The Economic And Agronomic Value Of Micronutrients

Growers can look beyond N-P-K to improve yield without increasing their budget

Published online: May 12, 2024 Articles
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St. Johns, Mich. – Nitrogen (N), phosphorus (P) and potassium (K) are the foundation of every crop nutrition program – but they’re not the only nutrients growers should pay attention to when building their program. 

“Historically speaking, we’ve thought of these nutrients in their own little silos,” says Reid Abbott, an agronomist for AgroLiquid. “We know through a lot of years of research that nutrients like calcium (Ca) and sulfur (S) are as important to crop health and yield as nitrogen, phosphorus and potassium.” 

“Calcium has its role in the soil as well as the plant, improving nutrient movement and assimilation,” Abbott says. “We like to see 65-75 percent of our base saturation or cation exchange sites occupied by calcium in the soil, and that allows all of the other nutrients to function most ideally. On the plant side, calcium does a lot to bring nutrients into the plant, make the metabolic process more efficient and improve the utilization of other nutrients.” 

Abbott adds that in-season foliar applications can ensure plants have calcium available when they need it. 

“Concentrating your application on leaf tissue so the nutrients don’t have to go through the soil system and risk getting tied up or lost could lead to a better response,” he says. “Some of it has to do with timing and some of it has to do with application methods, but there are tools out there for however you’re set up to apply these nutrients. It’s about making sure we apply them at the right rate and the right time.”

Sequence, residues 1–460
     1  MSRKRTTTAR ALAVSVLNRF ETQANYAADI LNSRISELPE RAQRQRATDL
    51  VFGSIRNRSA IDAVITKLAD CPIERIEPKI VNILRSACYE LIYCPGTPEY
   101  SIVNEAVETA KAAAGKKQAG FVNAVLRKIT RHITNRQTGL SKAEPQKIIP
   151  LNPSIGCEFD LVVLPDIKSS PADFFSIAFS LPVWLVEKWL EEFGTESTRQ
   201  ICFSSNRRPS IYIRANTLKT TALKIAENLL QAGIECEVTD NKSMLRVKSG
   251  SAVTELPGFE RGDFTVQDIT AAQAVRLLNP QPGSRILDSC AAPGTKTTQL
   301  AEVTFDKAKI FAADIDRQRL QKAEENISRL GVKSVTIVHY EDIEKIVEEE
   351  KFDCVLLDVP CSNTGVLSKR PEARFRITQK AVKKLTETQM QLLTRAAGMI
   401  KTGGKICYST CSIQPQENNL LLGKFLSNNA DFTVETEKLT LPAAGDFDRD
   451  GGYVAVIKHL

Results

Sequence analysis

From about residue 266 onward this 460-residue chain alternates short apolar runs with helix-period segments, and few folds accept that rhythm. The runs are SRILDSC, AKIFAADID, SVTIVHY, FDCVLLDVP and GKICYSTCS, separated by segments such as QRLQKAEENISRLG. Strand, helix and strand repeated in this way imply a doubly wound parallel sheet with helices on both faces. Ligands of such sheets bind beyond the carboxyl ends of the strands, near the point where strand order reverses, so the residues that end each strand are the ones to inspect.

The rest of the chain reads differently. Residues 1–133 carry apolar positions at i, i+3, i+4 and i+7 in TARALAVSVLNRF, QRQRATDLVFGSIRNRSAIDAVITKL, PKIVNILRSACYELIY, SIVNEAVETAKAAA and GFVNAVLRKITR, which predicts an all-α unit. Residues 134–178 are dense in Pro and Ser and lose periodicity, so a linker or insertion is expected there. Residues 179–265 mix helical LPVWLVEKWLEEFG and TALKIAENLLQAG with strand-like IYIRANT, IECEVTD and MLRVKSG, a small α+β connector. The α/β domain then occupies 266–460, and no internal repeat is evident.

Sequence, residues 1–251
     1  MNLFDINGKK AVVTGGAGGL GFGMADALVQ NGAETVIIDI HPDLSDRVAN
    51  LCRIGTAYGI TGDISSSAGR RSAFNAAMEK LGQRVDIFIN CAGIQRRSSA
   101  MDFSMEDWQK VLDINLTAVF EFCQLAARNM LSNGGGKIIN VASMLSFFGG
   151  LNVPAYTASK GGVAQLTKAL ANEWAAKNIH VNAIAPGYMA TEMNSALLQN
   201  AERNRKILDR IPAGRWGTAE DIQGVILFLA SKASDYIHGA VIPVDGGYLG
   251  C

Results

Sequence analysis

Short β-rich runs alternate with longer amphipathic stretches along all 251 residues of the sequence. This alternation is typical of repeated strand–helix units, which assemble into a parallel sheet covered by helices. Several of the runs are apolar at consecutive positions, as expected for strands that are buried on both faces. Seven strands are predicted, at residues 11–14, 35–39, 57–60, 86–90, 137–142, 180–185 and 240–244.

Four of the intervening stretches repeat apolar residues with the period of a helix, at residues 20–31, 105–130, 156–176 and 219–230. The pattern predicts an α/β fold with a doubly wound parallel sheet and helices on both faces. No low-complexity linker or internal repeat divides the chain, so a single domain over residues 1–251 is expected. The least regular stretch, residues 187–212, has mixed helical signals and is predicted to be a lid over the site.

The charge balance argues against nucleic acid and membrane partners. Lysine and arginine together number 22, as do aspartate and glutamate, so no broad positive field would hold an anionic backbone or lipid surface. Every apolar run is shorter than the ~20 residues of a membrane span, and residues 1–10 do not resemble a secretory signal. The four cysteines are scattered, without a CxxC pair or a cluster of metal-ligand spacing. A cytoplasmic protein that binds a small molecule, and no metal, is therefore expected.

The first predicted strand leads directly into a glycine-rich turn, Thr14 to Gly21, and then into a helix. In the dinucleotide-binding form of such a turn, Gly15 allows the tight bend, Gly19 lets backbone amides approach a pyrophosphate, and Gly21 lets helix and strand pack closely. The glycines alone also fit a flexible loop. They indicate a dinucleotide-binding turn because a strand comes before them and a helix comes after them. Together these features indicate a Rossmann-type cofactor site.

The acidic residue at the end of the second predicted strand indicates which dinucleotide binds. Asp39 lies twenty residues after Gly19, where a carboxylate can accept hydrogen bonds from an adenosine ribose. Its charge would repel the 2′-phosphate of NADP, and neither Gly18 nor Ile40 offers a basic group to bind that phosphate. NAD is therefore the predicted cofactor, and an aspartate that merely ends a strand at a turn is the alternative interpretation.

Some growers consider sulfur the fourth macronutrient for its ability to balance the soil and improve its fertility. In addition, Abbott says the need for sulfur is growing in part because of the Clean Air Act and other legislation that has led to fewer deposits of sulfur on the ground. 

“For sulfur, you need a ratio of one part to every 10 to 14 parts of nitrogen,” he says. “As we’re moving up in yield, we’re starting to see greater deficiencies. So the more nitrogen you’re putting on, the more you need to maintain that 10:1 ratio and build that sulfur. We’re even seeing responses up to 8:1 in some of our research.”

Abbott notes growers don’t have to increase their crop budget to incorporate micronutrients and secondary nutrients. 

“For years, we’ve probably been overapplying nitrogen in many of our fields,” he says. “Consider turning that down and using the money to add some of these other nutrients for a more effective crop nutrition program.” 

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